The dining room wall covering is a textured strié featuring neutralized shades of burgundy, plum and gray—all of them toned-down versions of the deep colors in the foyer’s mosaic mural. The Asian-inspired server is a dark-stained wood with silver and gold hand-finished handles. The dining table was stained dark to match it. Wood-framed dining room chairs upholstered in taupe faux suede surround the table. “The minimalist, clean lines and the horizontal emphasis of the table and the light fixture above it are all in keeping with Asian influence,” Manning says.

The minimalist theme takes over completely in the family room. An olive leather sectional with a slight metallic sheen has straight, clean lines, as do the custom glass-topped console tables. Underfoot is a plush rug in neutral shades of camel and cream.

“In the end, the home flows from playfully cosmopolitan to sophisticated and modern, with a hint of Asian influence throughout,” Manning says.


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enlarge | The style turns minimalist in the family room. Yet it’s still a warm and comfortable space, Min Kim says. An olive leather sectional with a slight metallic sheen provides ample seating for the family to watch television or movies in comfort. Ottomans and the seat-high fireplace hearth provide additional seating. Manning designed the custom concrete fireplace with soft, mottled tones. Textured ribbed shades topped by draperies in a gray brown with a hint of shimmer cover the windows.
Unifying the Space
In keeping with that Asian influence, the home has a “clean, disciplined” layout that unifies the spaces, Manning adds. “All of the rooms have minimal furnishings in an organized layout. It’s not loose; everything is where it belongs. Lighting fixtures are centered over seating areas, spaces are highly organized. Even though there may be bold colors [in some areas], there is an underlying calm in the furniture arrangement and placement of objects.”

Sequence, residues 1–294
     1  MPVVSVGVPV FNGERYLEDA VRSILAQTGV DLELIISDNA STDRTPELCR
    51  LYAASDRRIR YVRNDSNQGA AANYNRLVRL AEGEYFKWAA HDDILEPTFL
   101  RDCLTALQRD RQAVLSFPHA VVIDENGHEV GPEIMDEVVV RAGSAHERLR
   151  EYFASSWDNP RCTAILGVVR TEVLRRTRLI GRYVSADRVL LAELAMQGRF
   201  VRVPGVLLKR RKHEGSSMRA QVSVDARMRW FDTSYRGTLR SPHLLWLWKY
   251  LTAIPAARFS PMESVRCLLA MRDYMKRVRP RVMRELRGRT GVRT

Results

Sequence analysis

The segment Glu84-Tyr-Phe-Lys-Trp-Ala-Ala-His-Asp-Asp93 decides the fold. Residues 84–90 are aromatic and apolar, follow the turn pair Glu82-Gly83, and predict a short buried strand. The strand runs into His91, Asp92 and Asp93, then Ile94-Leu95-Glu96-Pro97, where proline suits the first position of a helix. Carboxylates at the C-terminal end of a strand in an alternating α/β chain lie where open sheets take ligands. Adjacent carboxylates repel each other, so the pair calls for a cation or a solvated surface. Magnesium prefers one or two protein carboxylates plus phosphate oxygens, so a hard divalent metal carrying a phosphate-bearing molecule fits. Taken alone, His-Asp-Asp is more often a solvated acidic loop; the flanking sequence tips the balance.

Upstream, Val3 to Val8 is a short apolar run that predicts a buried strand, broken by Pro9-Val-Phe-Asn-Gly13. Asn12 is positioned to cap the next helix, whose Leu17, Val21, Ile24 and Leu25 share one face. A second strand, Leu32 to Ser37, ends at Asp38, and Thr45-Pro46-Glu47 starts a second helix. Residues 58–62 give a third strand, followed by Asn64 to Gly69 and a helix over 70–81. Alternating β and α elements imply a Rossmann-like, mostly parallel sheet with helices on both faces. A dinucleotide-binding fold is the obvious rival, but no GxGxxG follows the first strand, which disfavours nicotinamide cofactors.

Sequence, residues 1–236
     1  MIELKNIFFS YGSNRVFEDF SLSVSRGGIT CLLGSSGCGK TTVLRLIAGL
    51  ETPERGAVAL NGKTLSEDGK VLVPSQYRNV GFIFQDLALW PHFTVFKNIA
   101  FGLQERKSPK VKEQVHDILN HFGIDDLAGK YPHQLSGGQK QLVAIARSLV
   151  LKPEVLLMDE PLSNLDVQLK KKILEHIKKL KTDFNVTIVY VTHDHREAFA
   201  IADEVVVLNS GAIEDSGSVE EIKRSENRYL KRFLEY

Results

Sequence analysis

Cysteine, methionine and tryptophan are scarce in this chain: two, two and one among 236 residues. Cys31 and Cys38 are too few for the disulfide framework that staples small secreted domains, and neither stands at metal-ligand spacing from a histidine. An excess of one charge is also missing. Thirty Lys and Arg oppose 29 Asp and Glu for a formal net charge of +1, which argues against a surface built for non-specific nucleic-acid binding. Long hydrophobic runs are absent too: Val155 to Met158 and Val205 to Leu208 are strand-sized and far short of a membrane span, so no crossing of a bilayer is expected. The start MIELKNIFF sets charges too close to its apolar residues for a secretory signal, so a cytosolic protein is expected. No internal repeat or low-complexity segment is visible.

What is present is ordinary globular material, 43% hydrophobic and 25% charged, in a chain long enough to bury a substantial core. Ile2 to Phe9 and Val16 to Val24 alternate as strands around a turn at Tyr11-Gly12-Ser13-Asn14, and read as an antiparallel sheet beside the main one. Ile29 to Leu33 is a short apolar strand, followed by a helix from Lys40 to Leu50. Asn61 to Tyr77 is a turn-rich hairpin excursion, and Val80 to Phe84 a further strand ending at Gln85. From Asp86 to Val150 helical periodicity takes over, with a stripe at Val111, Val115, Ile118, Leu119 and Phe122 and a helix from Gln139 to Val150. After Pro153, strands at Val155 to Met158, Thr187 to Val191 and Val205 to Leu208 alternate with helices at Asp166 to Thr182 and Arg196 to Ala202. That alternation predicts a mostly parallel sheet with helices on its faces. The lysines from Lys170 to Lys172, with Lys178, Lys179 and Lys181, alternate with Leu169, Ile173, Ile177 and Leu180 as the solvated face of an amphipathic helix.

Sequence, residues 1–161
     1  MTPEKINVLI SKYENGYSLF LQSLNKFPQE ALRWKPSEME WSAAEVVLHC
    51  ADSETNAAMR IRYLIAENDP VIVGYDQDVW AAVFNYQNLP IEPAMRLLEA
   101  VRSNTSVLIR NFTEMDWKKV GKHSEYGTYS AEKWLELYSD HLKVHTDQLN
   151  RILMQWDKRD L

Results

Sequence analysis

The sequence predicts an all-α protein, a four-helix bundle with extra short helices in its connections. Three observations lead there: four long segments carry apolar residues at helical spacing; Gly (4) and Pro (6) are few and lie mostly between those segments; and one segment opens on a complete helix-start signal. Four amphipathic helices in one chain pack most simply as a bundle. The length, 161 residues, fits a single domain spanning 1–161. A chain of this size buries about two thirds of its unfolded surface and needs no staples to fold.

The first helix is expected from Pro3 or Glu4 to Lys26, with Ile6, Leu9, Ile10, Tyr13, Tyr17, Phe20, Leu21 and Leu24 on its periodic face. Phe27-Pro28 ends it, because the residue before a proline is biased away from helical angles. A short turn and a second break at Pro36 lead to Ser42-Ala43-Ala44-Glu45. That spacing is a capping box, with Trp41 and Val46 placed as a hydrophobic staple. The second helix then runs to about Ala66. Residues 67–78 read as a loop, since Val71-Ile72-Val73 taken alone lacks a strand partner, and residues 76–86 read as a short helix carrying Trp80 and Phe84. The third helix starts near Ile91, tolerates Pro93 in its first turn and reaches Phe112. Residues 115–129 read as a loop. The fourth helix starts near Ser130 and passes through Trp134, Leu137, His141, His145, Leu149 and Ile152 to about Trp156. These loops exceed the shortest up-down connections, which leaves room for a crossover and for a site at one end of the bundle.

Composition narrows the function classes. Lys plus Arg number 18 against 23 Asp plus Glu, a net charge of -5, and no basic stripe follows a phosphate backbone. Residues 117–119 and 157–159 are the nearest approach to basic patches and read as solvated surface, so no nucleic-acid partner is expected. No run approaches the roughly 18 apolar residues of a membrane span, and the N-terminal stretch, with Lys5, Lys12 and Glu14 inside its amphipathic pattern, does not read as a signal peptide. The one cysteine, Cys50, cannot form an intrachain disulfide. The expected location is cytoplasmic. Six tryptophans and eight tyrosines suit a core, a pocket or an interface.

Touches of silver also help to unify the rooms and inject a dose of glam, Manning says. And that, she says, is an appropriate accent for the Kims. “They are a very young family and still want to be playful and youthful and enjoy evenings entertaining friends,” she says.

For her part, Min Kim says she and her husband wanted the home to be modern and contemporary “but not stark because this is a house filled with children.”

Kim says the couple wanted to “put our mark” on their new home. A lot of homes in the area are traditional, she says. “We didn’t want our home to be like anyone else’s. It feels like us.”

Robin Amster, a regular contributor to Design NJ, is a Madison-based writer and editor.


Sources

Overall: interior design, The Manning Design Group in Asbury Park. Foyer: glass mosaic mural, Sicis in New York City; sconces, Shaper by Cooper Lighting in Houston. Living Room: upholstery, Bright (T) in Middletown, New York; ruby pillow and drapery fabric, Donghia (T) in New York City; rug, Weinstein Carpet and Flooring in Little Silver; custom light fixture, Lou Blass in Hudson, New York; artwork, through Exhibit No. 9 in Asbury Park; wall covering, Zoffany through Major Mills (T) in Clark. Family Room: carpet, Weinstein Carpet and Flooring; sectional, American Leather in Dallas; light fixtures, Hubbardton Forge in Castleton, Vermont; custom console, Colin P. Kelly in New York City; custom fireplace surround, design by The Manning Design Group, fabrication by TrueForm Concrete in Denville. Dining Room: chandelier and sconces, Hubbardton Forge; furniture, Red Ginger in Red Bank; drapery fabric, Bergamo (T), through Donghia in New York City. Master Bedroom: bed and nightstands, homeowners; lamps and silver mirror, Creative Spaces (T); wall covering, Major Mills. T=To the trade.